Of course, this man had failed to mention all this to me, leaving me to fend off the angry stares and lewd comments of my fellow “EA’s” and to forge my own spot in the office, which also housed the Director of Traffic Engineering (stop lights, etc.), the Director of Public Works (my boss’ boss) and 2 aging secretaries.  All of them were totally oblivious to the drama unfolding around the 3 drafting tables grouped behind the filing cabinets, which housed the construction plans I was quickly learning how to read.

I survived the abuse and slowly began to actually gain the respect of the guys by not rising to their bait as they attempted to “put me in my proper place” in the division pecking order and by learning everything they threw at me.  They figured that if they gave me things that I would fail to do so miserably, I would either get frustrated and leave or that I would get fired for being the incompetent female they knew I was.

Surveying in the Field

These things included a surveying job in the middle of a huge vacant piece of land designated as the site of a new fire station.  It sounded like an easy task for us until we arrived at the site, which was about a quarter of a mile off the road, had recently been “leveled,” which is a misnomer because the removal of the trees had left it almost impossible to walk through, especially with surveying equipment.

It was cold and wet and I was dressed for going to work in an office in nice shoes (thankfully low-heeled) and a long winter coat hardly suitable for trekking through the mud.  I managed to get through the day and even laughed when they pulled the old surveyor’s trick on the “new guy” where you get to pull the tape and pull and pull to the corner until the tape is tight and then they let go which deposits you on your butt on the ground so forcefully that you have to be pulled up from the muddy hole made when you landed amid their uproarious laughter.

This was my first experience with such treatment and, I’m proud to say, I passed with flying colors, becoming the first female Engineering Assistant – Level II.  Since I was also the last of my breed, I was the only one to be congratulated with a cake and flowers upon promotion and my assignment by the Director of Public Works as the official liaison and Public Relations Officer/Real Estate Officer for the department’s numerous public utility construction projects in the annexed areas of the city where the angriest people I’ve ever met resided.  They were angry because they had been annexed, angrier still that their new municipal leaders were forcing them to accept public sewer and water service when they had perfectly good wells and septic tanks (many of these were the same people who had previously called the State Health Department numerous times complaining of their polluted wells and bad water).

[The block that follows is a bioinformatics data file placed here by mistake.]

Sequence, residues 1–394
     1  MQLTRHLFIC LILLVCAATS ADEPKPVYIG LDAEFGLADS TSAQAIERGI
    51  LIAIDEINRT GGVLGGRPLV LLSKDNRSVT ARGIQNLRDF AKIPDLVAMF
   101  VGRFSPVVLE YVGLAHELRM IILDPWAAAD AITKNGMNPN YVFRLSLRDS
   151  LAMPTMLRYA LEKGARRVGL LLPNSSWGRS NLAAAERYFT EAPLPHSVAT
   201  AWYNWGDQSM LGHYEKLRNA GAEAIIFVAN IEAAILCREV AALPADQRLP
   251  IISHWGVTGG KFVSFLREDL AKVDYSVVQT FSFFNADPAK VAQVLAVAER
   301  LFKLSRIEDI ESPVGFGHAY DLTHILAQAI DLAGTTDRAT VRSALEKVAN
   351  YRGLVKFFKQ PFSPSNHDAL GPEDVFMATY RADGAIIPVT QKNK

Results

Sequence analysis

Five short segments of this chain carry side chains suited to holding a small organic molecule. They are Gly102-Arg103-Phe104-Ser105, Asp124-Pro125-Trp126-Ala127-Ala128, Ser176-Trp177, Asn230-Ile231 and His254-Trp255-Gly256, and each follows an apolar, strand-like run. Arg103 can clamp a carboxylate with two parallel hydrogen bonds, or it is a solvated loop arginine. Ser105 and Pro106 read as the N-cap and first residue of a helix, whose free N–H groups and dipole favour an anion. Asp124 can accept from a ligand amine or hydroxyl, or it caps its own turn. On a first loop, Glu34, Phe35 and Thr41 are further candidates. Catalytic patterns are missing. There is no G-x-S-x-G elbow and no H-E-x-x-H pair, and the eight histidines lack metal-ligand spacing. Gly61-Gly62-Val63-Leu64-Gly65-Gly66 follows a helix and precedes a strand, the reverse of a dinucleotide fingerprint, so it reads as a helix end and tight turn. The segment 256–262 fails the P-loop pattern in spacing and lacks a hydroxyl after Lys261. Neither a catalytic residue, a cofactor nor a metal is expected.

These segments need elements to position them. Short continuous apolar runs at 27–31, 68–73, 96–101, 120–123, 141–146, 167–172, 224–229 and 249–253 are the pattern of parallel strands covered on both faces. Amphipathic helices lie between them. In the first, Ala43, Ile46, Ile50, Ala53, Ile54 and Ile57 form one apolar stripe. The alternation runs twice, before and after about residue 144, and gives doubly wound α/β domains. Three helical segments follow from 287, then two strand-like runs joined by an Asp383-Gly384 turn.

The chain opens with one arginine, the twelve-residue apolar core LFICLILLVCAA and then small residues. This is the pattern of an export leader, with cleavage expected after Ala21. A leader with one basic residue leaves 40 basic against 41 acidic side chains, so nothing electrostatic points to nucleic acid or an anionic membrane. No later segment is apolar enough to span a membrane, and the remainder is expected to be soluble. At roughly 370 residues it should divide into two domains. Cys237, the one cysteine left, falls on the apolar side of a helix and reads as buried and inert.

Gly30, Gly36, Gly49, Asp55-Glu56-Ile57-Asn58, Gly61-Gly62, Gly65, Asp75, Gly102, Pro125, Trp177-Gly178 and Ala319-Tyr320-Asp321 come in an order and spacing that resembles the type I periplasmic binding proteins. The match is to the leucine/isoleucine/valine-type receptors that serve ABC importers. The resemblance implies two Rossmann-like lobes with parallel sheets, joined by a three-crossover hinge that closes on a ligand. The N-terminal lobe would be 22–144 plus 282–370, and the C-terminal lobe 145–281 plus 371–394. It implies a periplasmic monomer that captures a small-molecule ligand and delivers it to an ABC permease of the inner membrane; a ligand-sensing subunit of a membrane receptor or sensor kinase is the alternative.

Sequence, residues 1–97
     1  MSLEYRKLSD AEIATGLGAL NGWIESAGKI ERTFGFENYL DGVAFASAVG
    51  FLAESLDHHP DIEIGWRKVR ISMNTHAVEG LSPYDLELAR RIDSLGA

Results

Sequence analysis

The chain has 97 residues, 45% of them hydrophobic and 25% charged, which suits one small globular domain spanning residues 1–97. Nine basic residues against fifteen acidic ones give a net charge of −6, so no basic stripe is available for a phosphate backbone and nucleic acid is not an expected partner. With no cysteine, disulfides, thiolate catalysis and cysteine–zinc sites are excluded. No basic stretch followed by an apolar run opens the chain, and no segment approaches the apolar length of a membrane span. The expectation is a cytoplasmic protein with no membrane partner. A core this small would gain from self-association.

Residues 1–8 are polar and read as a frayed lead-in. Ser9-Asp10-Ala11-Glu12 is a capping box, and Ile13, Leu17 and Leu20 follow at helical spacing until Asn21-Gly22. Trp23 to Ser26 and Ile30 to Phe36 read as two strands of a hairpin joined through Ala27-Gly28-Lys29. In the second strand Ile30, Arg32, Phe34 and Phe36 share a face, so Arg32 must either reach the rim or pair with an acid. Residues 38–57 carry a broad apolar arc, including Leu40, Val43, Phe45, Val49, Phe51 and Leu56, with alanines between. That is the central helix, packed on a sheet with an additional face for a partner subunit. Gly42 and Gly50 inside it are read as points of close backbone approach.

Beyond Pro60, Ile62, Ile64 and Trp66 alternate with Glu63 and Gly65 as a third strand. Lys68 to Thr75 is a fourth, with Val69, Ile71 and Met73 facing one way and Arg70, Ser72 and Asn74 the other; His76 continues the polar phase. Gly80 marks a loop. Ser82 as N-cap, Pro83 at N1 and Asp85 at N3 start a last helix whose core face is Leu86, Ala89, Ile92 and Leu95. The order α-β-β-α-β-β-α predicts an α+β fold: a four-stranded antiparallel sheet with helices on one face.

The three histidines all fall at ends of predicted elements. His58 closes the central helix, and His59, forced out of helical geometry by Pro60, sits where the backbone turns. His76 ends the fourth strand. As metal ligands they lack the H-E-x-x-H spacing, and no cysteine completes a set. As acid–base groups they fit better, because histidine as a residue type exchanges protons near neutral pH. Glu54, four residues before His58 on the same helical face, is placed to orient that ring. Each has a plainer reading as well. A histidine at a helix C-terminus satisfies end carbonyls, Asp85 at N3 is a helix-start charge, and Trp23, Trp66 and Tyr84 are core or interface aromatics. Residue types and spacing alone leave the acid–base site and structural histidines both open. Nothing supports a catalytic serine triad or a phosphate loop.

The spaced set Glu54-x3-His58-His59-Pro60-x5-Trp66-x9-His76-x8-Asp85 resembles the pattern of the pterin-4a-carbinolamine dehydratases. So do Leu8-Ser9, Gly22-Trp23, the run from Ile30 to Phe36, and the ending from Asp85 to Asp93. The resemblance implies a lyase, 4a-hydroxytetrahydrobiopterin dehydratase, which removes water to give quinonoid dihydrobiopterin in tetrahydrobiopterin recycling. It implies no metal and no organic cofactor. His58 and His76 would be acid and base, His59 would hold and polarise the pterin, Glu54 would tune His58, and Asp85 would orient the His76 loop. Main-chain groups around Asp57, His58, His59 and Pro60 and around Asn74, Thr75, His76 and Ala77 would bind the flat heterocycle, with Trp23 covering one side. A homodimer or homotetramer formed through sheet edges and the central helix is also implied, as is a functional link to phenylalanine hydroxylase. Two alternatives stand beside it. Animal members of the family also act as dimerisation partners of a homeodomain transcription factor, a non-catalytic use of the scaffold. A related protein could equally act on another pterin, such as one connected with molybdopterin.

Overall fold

I quickly became the “Go-To-Gal” for all issues surrounding these utility projects and after their completion, the utility departments in the City relied on me for line and easement locations since I had personally walked the project sites so many times, I knew them all by heart. I thoroughly enjoyed my new-found position of importance and happily became one of those people who hover over a hole in the road while the traffic sits and the drivers fume and wonder why it takes so many municipal workers to fix a water line.

My call to ministry in the Church came during my tenure with the City of Petersburg and I left municipal employment for seminary at the University of the South’s School of Theology in August of 1981.  After a successful 3 years, during which I was Student Body President and Class Representative on the Liturgy Committee, I graduated in 1984, in the top 5 of my class with a GPA of 3.75 and a Master of Divinity Degree.  The following is a chronological list of events following graduation and the places I have served during my ordained ministry:

  • Ordained an Episcopal Deacon – February 23, 1985
  • Ordained an Episcopal Priest – January 25, 1986
  • Chaplain at Jackson-Feild Home for Girls, Jarratt VA – 1984-1987
  • Pastor of 3  Episcopal parish churches – 1987-2007
  • “Retired” in 2007
  • Served small United Methodist congregation in upstate NY
  • Retired again in 2019

Over the first 20 years of my ministry as a priest, writing became a passion and a way of life as I prepared:

  • Presentations, retreats, workshops
  • Weekly sermons
  • Newsletter articles
  • Theological treatises & articles

In 2005, I decided that I needed to have a back-up plan for earning money after retirement since I was going to be receiving a modest pension payment.  I enrolled in the Penn Foster School of Medical Transcription, struggled through a long at-home study course and received a Diploma in 2007.